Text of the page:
White students are now the minority in U.S. public schools, but they still have a better chance of graduating and completing college compared to their immigrant and ethnic minority peer learners. We have to improve parent engagement and equitable family engagement in K-12 education if we want to reduce this achievement gap.
Let’s assume most parents want to be involved, informed, and engaged with their child’s education. When attempting to maximize and improve parent engagement, educators must take into account concepts like inclusivity, equity, and diversity. Parents of English learners are often prevented from engaging effectively due to language and cultural barriers — as well as barriers to resources. Many K-12 charter school districts serve large populations of minorities and English learners.
Educational leaders can promote inclusivity by supporting learning environments that help parents overcome these barriers — and have more opportunities to meaningfully engage with their child’s teachers.
Cultural and Language Barriers
Language barriers can obviously decrease parental engagement and prevent inclusive parent-teacher relationships. In an article posted in the peer-reviewed journal, Multicultural Education, Christopher T. Vang writes that “Schools encourage parents to be involved in their children’s education, but many bilingual parents fear being misunderstood and therefore do not express their concerns if they have any.” This issue is compounded if bilingual parents have students that are struggling in English learner classes. Without engaging with teachers, parents may only discover the academic challenges of their children when it’s too late.
It’s also important to remember that for some parents, education has a different cultural significance than it does for many Americans. “Bilingual parents come from cultures in which teachers receive the same respect as civic leaders and clergymen […] They do not know the difference between substitute teachers and regular classroom teachers, nor can they tell when teachers have proper credentials,” Vang writes. He goes on to say that “In some cultures, receiving good grades means everything to students, their families, and their parents.” While this may be a generalization, it is important to be aware of the divergent ways different cultures can view the role of the teacher and the significance of grades.
While much progress has been made over the past decades, racial disparities still exist when you look at high school graduation rates. Intervention can help bring minority and immigrant graduate rates up to the same level as white students. Closing the barriers that exist and promoting a learning environment where minority and immigrant parents are able to engage and form inclusive relationships with the teachers educating their children will be an important step.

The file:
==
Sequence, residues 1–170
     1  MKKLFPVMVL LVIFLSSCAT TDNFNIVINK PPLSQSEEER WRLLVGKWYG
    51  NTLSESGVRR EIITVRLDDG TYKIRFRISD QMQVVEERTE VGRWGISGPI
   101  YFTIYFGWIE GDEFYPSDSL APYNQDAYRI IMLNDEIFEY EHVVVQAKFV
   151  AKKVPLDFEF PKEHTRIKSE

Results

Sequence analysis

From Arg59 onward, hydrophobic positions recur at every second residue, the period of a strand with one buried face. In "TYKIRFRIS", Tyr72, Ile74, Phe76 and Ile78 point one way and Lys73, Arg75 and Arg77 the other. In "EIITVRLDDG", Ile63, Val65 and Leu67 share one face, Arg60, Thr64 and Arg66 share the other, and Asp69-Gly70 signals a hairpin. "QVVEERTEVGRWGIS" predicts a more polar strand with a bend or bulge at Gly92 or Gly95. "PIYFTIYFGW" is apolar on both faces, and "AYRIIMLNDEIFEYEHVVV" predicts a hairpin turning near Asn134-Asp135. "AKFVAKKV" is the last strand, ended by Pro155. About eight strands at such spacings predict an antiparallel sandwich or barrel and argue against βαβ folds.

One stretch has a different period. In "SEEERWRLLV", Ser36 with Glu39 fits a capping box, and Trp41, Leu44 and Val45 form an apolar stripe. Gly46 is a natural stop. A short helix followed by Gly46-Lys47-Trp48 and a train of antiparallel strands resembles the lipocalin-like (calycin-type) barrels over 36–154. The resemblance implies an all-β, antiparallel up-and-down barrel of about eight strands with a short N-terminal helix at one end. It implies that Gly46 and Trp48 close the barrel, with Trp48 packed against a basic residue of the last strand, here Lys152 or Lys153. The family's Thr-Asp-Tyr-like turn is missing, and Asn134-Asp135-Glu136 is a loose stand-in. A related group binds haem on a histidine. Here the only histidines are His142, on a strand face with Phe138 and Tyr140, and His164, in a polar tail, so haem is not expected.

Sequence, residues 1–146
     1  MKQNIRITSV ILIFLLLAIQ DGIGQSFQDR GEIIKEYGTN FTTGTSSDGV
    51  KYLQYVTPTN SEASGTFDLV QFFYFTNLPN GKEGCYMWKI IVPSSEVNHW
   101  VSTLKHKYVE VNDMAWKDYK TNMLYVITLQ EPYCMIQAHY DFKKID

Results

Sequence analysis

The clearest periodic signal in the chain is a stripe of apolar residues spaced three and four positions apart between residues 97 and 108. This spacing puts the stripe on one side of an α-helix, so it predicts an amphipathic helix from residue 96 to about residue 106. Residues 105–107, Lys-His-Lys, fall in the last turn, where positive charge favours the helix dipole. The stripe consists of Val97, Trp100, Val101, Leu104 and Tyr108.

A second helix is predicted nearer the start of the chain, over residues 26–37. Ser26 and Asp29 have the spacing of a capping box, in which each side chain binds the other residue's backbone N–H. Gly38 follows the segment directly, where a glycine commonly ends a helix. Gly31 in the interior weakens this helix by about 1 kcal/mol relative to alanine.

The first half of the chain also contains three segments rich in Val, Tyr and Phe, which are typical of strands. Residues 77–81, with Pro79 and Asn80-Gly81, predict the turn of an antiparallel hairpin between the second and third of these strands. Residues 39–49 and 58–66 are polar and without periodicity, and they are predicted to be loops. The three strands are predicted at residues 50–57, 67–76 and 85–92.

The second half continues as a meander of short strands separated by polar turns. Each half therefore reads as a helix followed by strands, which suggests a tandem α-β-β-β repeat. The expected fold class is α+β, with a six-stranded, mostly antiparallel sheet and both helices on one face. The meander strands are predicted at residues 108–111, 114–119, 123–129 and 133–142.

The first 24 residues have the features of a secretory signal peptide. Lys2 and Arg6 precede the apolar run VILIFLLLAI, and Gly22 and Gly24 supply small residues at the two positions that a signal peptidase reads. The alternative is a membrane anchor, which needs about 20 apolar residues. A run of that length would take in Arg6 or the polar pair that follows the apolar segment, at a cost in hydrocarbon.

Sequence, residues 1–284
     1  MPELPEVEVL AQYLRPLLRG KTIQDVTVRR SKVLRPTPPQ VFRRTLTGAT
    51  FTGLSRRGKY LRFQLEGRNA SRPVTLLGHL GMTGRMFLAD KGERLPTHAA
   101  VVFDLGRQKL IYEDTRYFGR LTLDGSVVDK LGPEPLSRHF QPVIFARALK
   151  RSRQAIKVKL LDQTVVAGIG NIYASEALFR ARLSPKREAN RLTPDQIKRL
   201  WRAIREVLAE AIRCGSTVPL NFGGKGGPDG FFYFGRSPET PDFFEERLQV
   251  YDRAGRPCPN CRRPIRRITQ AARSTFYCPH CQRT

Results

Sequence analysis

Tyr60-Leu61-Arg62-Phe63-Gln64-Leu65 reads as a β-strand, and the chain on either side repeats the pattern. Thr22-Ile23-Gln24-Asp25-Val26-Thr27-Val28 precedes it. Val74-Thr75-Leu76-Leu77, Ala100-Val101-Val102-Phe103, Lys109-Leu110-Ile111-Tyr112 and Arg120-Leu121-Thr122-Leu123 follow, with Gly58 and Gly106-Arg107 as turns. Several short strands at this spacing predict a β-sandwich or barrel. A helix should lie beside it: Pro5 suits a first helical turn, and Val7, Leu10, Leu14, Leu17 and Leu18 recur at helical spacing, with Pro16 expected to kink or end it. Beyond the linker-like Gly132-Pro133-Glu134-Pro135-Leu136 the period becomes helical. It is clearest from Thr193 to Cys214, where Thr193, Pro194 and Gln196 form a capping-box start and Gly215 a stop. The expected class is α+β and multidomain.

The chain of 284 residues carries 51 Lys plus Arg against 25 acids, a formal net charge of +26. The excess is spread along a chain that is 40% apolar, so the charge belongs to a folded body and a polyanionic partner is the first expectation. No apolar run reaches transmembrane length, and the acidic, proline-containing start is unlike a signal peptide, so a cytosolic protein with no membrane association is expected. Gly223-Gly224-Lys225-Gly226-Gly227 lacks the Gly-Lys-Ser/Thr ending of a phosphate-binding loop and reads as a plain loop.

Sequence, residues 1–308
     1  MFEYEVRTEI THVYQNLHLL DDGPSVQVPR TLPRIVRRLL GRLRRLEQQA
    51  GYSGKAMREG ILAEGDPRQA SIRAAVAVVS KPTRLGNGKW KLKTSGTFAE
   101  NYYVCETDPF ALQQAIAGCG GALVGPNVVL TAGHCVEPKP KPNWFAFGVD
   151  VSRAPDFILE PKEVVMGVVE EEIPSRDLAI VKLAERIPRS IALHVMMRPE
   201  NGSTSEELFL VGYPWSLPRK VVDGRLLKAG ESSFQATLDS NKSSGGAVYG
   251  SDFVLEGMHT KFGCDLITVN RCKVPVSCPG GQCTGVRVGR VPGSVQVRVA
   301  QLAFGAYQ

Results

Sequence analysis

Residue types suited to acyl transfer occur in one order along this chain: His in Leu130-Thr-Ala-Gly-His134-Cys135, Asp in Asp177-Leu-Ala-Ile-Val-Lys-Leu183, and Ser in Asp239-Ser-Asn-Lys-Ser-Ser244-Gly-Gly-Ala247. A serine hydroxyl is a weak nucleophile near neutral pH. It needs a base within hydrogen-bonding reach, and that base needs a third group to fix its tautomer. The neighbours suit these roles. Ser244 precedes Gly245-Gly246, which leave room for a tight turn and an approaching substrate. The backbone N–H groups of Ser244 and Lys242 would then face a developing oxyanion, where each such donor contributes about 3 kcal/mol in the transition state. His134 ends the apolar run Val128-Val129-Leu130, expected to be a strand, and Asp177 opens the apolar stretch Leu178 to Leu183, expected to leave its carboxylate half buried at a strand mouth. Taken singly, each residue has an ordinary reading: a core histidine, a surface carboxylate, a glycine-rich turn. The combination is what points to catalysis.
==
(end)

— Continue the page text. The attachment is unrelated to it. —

Research also shows a clear rift between parents and teachers regarding their expectations for minority student success. According to a 2014 survey, 10th-grade teachers believed that African-American students were 47% less likely to graduate college compared to white students. That number was even lower for Hispanic students. However, African-American and Latino parents believe that schools are not doing enough to educate low-income students.
Nonprofits and educational institutions can take decisive action to improve parent engagement. More than 75% of educators reported an increase in parent engagement during the pandemic. This has mostly been attributed to the accelerated use of educational technology that facilitates better communication. Funded by a $2-million grant, researchers from the University of Missouri are creating training programs that will help elementary teachers communicate even more effectively with families.
A new parent/student advocacy organization called Alianza Latina aims to increase Latino parent engagement in California’s Rialto Unified School District. These are inspiring examples for educational leaders around the nation. In 2019, Stronger Consulting worked with one of the most diverse and the largest public charter school district in Los Angeles on program development and curriculum design. We worked closely with teachers and administration to implement curriculum and best practices targeted to not only improve graduation rates — but college admission success.
Tips for Boosting Parent Engagement
Here are some general tips for boosting parent engagement:
- Use a variety of communication methods
- Don’t rely on students to translate
- Enlist the help of an interpreter
- Make sure parents understand key educational terms
- Be wary of cultural differences
- Allow parents to voice their expectations
- Give parents a chance to ask questions
- Seek guidance/ expert help outside of the school
- Proactive parental outreach by all school stakeholders